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Celebrating a Century of Gaumont : Movies: The revered French studio is the focus of a nine-week retrospective presenting historic, modern and rare films.


When Nicolas Seydoux, the man who runs Gaumont, looks around for that entity's peers, he doesn't see any. "We are dean of all the movie companies in the world," Seydoux says with not unnatural pride. "All the others have disappeared."

For though Americans like to think that everything to do with motion pictures had its beginnings over here, it was in Paris in early 1895 that the Lumiere brothers had the first public showing of a projected film. And just a few months after that, a young man named Leon Gaumont took over a company that sold photographic and optical equipment and, not surprisingly, renamed it after himself.

Gaumont was primarily interested in things technical, but when the making of films helped the sale of his equipment, that was OK with him. Now, 100 years and some 7,000 films later, a cross section of the massive oak that grew from that tiny seed will be on display over nine weeks at UCLA's Melnitz Hall in a remarkable series called "Gaumont Presents: A Century of French Cinema."

From the earliest of silent films to the most modern international co-productions, Gaumont has been such an active player it's considered the oldest continuously operating film studio in the world. Which is the reason for the program's 13-city tour, touching down in Los Angeles today through Dec. 3. "When you are a century old, when you have a major birthday," Seydoux explains, "of course you celebrate it."

With its familiar daisy logo and its chain of cinemas, Gaumont is an established brand name in France. "From the beginning," writes film historian Alan Williams, "they prided themselves on the technical quality of their films, but they have also been the most artistically oriented studio."

So although the Gaumont name is not exactly celebrated here, many of its films are, and this series is a chance to see all of them fully restored, with new prints and even newly written English subtitles.

A case in point is Jean Vigo, the influential poet of personal cinema who died in 1934 at age 29. Gaumont is especially proud of its association with him, and in addition to his classics, "Zero de Conduite" and "L'Atalante," two rarely screened shorts, "A propos de Nice" and "Taris et la natation" (Taris Swimming), will also be shown.

For audiences with still more modern tastes, the Gaumont series features everything from Eric Rohmer's restrained "Die Marquise von O" (The Marquise of O) to the sentimental "Cousin, Cousine" and Luc Besson's ultra-violent "La Femme Nikita." Also, for those who didn't get enough the last time around, the uncut, 192-minute version of Jean-Jacques Beineix's "Betty Blue" will unspool.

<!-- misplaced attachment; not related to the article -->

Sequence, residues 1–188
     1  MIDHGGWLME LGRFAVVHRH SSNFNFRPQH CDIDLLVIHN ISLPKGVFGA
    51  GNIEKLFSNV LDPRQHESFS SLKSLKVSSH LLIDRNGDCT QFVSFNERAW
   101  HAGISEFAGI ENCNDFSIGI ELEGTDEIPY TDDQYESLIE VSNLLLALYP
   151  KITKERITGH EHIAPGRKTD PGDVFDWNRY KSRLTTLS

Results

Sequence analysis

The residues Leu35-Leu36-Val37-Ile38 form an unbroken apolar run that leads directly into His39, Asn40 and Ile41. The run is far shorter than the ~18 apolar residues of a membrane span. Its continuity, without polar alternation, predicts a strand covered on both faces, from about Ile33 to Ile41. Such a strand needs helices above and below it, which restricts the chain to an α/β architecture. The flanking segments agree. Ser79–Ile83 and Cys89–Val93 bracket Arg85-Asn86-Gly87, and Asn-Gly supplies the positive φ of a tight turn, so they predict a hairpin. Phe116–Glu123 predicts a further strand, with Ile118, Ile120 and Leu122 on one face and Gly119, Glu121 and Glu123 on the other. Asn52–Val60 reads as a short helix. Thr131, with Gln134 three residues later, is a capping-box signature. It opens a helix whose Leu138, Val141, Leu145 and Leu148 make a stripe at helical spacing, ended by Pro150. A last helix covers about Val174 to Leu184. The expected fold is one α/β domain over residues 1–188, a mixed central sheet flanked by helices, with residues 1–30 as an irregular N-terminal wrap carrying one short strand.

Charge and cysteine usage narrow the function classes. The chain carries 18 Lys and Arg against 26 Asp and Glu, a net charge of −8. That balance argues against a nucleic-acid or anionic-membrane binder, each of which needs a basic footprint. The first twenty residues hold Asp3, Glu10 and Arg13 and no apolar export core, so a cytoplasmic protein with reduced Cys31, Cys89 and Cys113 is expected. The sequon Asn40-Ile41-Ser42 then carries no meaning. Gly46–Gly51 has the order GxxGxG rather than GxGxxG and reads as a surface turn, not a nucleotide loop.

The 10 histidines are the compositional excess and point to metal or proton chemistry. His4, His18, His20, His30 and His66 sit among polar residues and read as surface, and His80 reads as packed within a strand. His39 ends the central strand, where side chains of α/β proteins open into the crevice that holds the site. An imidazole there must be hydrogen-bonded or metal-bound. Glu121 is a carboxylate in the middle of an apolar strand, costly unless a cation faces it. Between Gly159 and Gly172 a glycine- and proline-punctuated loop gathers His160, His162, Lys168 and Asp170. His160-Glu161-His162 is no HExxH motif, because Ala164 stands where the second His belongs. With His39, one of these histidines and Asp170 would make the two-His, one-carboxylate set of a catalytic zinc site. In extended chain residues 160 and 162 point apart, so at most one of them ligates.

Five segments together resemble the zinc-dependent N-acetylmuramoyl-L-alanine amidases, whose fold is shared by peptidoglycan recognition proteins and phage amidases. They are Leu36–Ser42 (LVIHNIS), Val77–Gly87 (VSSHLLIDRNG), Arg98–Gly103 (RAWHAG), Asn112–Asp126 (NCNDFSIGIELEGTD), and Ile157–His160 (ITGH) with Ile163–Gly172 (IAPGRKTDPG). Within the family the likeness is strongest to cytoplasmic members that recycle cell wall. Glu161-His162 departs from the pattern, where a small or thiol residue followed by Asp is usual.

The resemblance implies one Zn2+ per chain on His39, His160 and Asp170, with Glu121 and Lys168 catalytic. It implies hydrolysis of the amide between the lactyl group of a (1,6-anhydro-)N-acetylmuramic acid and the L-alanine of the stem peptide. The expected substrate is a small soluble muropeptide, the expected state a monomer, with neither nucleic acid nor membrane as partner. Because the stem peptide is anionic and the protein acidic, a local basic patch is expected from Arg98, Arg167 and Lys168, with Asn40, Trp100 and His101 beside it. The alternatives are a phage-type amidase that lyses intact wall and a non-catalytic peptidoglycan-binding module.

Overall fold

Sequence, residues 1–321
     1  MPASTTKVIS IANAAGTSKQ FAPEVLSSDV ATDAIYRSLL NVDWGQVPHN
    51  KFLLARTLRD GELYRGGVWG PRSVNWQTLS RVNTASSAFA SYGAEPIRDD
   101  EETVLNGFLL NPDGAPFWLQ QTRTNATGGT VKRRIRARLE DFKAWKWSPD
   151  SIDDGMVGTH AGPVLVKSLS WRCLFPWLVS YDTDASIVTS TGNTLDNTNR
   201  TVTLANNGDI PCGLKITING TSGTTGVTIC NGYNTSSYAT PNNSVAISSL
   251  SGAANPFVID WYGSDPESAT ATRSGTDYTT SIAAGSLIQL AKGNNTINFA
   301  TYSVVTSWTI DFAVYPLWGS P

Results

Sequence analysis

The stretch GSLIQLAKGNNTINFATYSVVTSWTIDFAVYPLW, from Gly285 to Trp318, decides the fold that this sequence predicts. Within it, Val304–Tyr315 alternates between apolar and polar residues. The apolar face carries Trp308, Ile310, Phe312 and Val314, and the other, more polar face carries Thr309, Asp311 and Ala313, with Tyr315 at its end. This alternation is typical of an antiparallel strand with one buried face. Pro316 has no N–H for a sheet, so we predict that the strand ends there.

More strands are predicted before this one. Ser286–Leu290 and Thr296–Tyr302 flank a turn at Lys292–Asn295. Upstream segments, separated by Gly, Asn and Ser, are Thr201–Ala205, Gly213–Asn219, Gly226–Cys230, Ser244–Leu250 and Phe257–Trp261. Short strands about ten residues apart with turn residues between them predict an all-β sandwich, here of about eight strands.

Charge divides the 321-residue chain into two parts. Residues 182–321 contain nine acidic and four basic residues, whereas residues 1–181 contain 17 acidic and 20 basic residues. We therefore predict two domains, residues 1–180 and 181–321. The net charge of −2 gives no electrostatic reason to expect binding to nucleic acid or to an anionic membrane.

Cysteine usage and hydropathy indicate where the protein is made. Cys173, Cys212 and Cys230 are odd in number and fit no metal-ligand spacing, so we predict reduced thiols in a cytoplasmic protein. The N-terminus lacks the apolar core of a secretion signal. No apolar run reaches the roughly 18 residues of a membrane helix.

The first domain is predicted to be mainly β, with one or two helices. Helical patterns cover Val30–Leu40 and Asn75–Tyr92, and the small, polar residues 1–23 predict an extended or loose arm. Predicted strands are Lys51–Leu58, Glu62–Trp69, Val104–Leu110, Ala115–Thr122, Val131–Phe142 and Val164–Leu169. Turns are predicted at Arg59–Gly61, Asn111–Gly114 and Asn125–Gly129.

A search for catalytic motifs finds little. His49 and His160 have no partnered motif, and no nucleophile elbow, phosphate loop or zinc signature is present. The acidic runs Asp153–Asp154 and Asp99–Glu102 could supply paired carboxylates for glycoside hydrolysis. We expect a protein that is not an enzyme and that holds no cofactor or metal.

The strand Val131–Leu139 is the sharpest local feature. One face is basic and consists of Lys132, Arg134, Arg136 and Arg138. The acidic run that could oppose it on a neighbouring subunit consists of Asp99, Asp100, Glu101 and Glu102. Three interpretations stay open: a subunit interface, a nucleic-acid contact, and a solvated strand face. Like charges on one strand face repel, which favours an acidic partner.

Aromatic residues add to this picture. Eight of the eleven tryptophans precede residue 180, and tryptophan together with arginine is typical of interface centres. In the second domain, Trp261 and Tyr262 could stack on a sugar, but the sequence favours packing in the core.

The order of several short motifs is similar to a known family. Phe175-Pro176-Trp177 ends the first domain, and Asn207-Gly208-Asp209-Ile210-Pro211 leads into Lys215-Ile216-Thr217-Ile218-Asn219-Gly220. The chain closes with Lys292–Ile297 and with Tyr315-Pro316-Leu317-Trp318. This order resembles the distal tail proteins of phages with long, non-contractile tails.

For the true believers, however, the program's most awaited treasures are its silent films, an unprecedented chance to see films by people such as Emile Cohl, Leonce Perret and the legendary Alice Guy (later Guy-Blache) who have mostly been no more than names in history books until now.

A master of a whole variety of visual techniques, Cohl is considered the pivotal figure in the history of animation, the first person to see it as a form apart from mere visual trickery, and his playful and charming shorts still amuse today.

On the same program Sunday with Cohl is Leonce Perret's "Child of Paris," which was considered the discovery of the festival when it played in Manhattan recently. Made in 1913, two years before D. W. Griffith's "The Birth of a Nation," it was called "the most important French film of its time" by archivist Henri Langlois. "Child," the Dickensian story of a little girl without parents who gets repeatedly kidnaped and in general faces more perils than Pauline, is characterized by naturalistic acting and inventive visuals noticeably in advance of what anyone, even Griffith, was doing at the time.

As for Alice Guy, though she did receive some recognition late in life, her key position in film history was for a long time underreported. More than being the first female producer-director, she established the Gaumont house style of filming in real locations and is a contender for the title of first person ever to make a fiction film, 1896's "The Cabbage Fairy."

By the time she went to the United States in 1907, Guy had directed something like 300 films, including a complex "Life of Christ" and the charming "Sur la Barricade," in which a man's attempt to get some milk for his mother during the Paris Commune almost has dire results.

One of Guy's proteges, Louis Feuillade, was responsible for some of the most memorable of all silent filmmaking, ambitious multi-hour serials such as "Judex" and "Les Vampires" that were a sensation when they first appeared and that continue to delight audiences.

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